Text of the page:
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What Is Existentialism?

With our upcoming production of "No Exit" opening in a few days, we thought we would inform you about the philosophical theory that serves as a foundation for this play.

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First of all, what is existentialism?


In a broad sense, existentialism is a philosophical belief that the nature of humankind is problematic and that the best way to address this problem is through ontology (the study of the nature of being, of existence, etc).

Existentialism may be one of the most well known philosophical movements. Most of the philosophers who are considered existentialists are from Europe during the 19th and 20th centuries. Interestingly, many of these individuals would disavow or never use the label "existentialist".

Philosophy as a way of life


Philosophy must be fully integrated within life, and life can be lived philosophically without a technical knowledge of philosophy. Existentialists draw from two historical references to validate this. First, is Socrates who was non-professional, and in his pursuit of the good life his teachings often took place in public spaces. The second is German idealism that arose after Kant. It was believed that the point of philosophy is not to know things but to change them. They looked at philosophy as an integral part of specialization of manual and intellectual labor, they studied life from the inside, and were concerned with the significance of both life and death.

Anxiety/ Authenticity


Anxiety is the recognition that our existence as humans is in a way "on its own". Depending on the philosopher, this concept of being "on its own" may mean different things. For example, it could refer to the irrelevance of rational thought, moral values, etc. when it comes to making fundamental decisions concerning one's existence. Or it might mean the uniqueness of human existence, and thus the fact that it cannot understand itself.

Authenticity refers to the "good life", essentially an acceptance of the nature of existence and living in harmony with that.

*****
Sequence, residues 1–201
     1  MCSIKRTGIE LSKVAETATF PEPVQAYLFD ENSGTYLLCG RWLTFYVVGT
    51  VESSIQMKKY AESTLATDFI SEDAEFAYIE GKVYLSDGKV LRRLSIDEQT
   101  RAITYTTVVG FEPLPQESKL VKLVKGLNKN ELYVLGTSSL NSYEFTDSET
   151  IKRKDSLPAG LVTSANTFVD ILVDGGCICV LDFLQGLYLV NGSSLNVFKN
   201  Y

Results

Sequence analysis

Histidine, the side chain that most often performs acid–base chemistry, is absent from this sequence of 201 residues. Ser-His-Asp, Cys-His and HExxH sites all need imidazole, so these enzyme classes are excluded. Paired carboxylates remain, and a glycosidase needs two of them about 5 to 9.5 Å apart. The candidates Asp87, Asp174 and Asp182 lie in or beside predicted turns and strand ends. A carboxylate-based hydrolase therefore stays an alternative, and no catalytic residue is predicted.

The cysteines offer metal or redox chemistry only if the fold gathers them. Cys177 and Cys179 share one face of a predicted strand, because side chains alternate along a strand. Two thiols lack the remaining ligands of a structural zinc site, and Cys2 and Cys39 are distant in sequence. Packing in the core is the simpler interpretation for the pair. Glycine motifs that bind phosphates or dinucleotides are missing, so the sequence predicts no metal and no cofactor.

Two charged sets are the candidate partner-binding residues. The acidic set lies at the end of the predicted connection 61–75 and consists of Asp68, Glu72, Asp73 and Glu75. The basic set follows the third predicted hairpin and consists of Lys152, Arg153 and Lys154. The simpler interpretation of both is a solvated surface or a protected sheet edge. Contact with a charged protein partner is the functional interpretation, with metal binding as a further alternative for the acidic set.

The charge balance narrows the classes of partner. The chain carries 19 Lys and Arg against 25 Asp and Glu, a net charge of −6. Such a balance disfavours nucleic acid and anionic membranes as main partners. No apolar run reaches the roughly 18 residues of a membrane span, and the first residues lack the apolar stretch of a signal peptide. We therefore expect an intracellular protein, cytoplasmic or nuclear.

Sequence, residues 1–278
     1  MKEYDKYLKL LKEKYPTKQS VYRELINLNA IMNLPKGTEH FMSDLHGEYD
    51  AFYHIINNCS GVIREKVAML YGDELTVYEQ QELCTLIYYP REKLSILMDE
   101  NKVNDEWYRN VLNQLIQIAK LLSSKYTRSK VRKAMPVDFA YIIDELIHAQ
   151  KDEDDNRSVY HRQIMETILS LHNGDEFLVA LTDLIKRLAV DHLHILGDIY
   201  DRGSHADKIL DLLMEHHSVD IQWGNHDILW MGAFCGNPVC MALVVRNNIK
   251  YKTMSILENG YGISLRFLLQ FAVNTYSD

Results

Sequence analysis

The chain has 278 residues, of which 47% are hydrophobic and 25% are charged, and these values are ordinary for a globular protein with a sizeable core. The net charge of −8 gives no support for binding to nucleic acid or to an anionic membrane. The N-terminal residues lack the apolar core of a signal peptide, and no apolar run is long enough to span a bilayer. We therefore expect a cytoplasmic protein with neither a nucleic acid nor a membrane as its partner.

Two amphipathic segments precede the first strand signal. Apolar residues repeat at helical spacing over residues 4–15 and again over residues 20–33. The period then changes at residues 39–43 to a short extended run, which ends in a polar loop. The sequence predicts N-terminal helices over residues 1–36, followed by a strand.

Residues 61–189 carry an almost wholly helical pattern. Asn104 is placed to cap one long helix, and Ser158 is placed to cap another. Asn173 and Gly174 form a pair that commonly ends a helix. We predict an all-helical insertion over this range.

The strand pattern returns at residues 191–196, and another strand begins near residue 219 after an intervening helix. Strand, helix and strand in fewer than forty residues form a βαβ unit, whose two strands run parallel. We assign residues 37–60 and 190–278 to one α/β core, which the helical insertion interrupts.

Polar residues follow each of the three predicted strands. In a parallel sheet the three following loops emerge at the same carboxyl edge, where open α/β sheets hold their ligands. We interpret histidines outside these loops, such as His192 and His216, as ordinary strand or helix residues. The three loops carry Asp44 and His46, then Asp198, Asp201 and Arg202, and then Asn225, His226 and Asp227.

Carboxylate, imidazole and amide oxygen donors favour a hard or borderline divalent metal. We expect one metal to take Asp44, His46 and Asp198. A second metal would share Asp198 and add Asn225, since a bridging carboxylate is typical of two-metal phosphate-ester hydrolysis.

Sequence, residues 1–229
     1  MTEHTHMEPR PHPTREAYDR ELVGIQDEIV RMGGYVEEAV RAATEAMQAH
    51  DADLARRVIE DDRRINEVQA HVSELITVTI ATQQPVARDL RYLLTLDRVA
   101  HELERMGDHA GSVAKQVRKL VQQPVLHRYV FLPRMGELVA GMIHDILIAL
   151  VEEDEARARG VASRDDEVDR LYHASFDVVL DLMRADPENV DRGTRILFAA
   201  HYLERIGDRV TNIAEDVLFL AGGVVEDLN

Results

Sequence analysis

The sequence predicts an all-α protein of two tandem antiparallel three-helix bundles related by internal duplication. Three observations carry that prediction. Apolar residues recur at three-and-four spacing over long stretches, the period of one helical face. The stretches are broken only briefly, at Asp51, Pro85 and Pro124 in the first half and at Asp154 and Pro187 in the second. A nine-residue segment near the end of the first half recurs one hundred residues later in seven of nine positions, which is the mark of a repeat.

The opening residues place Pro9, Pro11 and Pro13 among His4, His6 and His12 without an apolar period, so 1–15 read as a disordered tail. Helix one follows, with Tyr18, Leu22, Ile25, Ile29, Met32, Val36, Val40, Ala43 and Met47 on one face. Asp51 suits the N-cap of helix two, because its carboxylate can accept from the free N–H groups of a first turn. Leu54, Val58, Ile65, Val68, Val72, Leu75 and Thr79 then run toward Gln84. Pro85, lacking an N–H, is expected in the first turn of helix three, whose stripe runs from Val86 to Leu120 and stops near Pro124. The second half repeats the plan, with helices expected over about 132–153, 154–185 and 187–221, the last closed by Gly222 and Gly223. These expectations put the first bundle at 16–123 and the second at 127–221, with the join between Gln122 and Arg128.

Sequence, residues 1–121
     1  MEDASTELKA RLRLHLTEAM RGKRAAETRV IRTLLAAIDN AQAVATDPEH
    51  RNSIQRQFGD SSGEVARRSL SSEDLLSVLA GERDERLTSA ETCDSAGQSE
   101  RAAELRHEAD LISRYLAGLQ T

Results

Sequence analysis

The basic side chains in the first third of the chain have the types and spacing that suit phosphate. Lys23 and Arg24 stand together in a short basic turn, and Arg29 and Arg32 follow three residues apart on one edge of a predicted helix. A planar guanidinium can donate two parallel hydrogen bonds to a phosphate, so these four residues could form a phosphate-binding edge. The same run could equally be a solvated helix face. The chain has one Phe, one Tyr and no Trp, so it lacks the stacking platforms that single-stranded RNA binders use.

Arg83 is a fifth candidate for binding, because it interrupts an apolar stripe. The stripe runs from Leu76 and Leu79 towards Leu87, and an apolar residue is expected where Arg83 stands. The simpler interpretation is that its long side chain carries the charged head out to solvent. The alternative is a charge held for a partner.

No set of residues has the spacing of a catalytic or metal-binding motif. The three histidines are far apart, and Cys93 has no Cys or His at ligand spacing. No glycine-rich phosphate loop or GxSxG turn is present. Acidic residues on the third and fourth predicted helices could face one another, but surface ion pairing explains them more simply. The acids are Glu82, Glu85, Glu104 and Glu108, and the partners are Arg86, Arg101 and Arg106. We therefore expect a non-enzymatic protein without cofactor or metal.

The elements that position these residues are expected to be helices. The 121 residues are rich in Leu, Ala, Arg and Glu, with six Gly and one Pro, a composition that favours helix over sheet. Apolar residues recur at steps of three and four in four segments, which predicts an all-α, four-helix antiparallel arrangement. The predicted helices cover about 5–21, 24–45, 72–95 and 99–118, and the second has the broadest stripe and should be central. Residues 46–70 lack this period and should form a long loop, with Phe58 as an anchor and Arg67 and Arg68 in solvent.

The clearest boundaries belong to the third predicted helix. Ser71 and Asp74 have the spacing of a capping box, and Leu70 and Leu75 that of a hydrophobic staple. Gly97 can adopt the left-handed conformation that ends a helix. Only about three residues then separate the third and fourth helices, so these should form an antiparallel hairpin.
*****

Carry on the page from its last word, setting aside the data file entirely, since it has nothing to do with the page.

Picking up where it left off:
Freedom / Via

Freedom is linked to the previous theme of anxiety because it is in part defined by the isolation of one's decisions from any determination by a deity, or by previously existent values or knowledge. Freedom also entails an individual's responsibility over their actions.



Even if one's freedom is absolute, it still takes place within a specific context. One's freedom is influenced by their body and its characteristics, their circumstance in a historical world, and their past experiences.

We are also socially situated in the sense that our freedom is always subject with respect to the judgment of others.

Existence / Via

There is an important distinction between existence and specifically human existence. Therefore, our existence can not be understood from the knowledge of things, as objects of knowledge.

There is a general notion of striving for existence, that existence is action. Therefore a human being is only what that being does. For many existentialists, authentic existence involves a certain tension be recognised and lived through, but not resolved.

Irrationality/ Absurdity


Absurdity is one of the most famous themes of existentialism. It refers to how human existence is considered "absurd". Depending on the philosopher, it may be viewed as absurd because nature as a whole has no design, and thus there is no reason for existing. A second meaning is that freedom will be undetermined by knowledge or reason, and so is viewed as absurd. Absurdity is thus closely related to the theme of 'being on its own'. Or human existence as action is doomed to always destroy itself. A free action, once executed, is no longer free; it has become an aspect of the world, a thing. The absurdity of human existence then seems to lie in the fact that in becoming myself (a free existence) I must be what I am not (a thing).

The Crowd


Existentialism also involves a social/ political component. Referred to as "the crowd", this idea captures inauthentic social interaction that causes individuals to accept their values from others because ‘that is what everybody does’, rather than formed themselves authentically.

So How Does This Relate to "No Exit"?

"No Exit" deals with Existentialism by focusing on the devouring gaze of the other and how this can restrict one's freedom. When our validation and identity derive from others, these others in turn become hell.

Overall, "No Exit" causes us to face the unavoidable truth that as individuals we must face ourselves and the consequences of our actions, and in turn encounter the moral judgment of others.

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